Three years later, he was playing First Grade, the most competitive form of cricket below State level and one that makes or breaks youngsters by the end of their teens. At first, he was a dasher who batted at six or seven, bowling useful leg-breaks to supplement his brilliant fielding. It was enough to get him a game for New South Wales, but, as Simpson recalled: "One day, the skipper Neil Harvey told me to concentrate more and when Jimmy Burke retired he put me in to open."
It was a masterstroke. Simpson stripped away all embellishment, settling instead for a sound defence, a few deft strokes and enough gall with which to pinch quick singles. Making his Test debut in 1957 against South Africa, he had to wait another 51 innings for his maiden century, a trojanesque 311 against England in 1964. It is still one of the longest periods for a batsman to take to get his first Test hundred, and the wait made him even more suspicious of flashiness: patience and hard graft had at last paid off.
In that same year, he took over the Australian captaincy from Richie Benaud, a job Simpson kept for 29 Tests until his retirement from first-class cricket in 1968 at the age of 31. Simpson was a dour, unsmiling leader, who believed players could drill themselves into good habits, and he forbade the hugging and shows of elation that Benaud had encouraged.
Under Simpson, Australia developed into a regimented and uncompromising unit, undergoingfielding drills even in those days. Improvement was always the goal, as shown when the skipper himself altered his batting technique, opting for a shorter-handled batas well as opening his stance so that bowlers could see more of his broken nose. Open defiance was the name of the game and between them Simpson and the left-handed Bill Lawry forged one of Test cricket's most obdurate opening combinations.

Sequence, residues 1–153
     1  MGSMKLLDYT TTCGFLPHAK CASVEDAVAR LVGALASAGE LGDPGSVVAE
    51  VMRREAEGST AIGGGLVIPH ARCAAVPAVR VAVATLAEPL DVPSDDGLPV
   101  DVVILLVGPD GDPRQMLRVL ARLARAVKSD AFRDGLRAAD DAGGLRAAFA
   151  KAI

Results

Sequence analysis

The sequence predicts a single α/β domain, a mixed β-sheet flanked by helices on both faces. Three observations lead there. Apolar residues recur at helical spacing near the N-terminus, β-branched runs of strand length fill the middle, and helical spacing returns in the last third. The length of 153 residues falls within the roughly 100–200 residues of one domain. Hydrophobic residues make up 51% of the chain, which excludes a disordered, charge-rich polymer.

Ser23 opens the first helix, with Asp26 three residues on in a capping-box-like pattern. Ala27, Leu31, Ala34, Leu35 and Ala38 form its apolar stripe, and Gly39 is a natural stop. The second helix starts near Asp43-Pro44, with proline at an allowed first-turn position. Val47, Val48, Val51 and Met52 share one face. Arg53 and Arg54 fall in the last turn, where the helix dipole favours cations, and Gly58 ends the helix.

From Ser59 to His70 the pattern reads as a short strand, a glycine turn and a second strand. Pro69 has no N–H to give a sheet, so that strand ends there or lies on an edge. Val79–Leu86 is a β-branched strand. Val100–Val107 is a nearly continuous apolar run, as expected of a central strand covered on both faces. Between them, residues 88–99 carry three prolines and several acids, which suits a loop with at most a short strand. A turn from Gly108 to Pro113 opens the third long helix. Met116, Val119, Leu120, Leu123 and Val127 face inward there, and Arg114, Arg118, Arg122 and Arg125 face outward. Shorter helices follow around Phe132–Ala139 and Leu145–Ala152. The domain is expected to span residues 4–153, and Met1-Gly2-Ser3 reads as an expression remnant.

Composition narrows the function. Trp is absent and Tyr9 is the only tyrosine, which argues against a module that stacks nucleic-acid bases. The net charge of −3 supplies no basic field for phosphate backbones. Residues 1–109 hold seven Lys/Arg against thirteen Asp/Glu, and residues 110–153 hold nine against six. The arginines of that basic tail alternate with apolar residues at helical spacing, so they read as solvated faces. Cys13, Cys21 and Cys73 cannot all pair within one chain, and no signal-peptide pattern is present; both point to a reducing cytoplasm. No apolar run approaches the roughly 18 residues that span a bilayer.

If the cricket, based around attrition, tended to be dull, there was no shortage of controversy off the field. In 1965, Simpson was sued for libel by Ian Meckiff, a former Test cricketer, after Simpson had included the left-arm quickie in a chapter called "Chuckers" in his book A Captain's Story.
It was the first case of an Australian cricketer sueing a team-mate and was settled out of court five years later. It was a bitter experience, and as a consequence Simpson has never shrunk from sueing newspapers he feels have been less than truthful about him.
Following retirement, he continued to play Grade cricket for Wests, the same club Angus Fraser was playing for before his call-up to the England side recently. At the age of 41, Simpson had been out of the first-class game for 10 years when he was brought back as Australia's captain against India during the Packer revolution. The 539 runs he scored at an average of 53.9, including two centuries, represented a remarkable comeback.
Named as captain for the West Indies, he and his inexperienced side comfortably lost the series. Undeterred, Simpson sought a guarantee from the Australian Cricket Board over his selection to England. Surprised to find none forthcoming, he promptly retired again, this time finally, after 61 Tests in all.
A few years ago, presumably for want of a challenge, Simpson agreed to coach Leicestershire. Jonathan Agnew was in his last year at the club and said that Simpson was like a breath of fresh air. "I thought he was good news all round, particularly for theyounger players like Paul Nixon and David Millns," Agnew said. "You could see how he might rub up some of the senior players the wrong way, but I believe Leicestershire's recent successes have their foundation in Simmo's two years at the club."
England's hierarchy could do a lot worse than study his blueprint and hand it to all 18 counties. At least it would be a start.Reuse content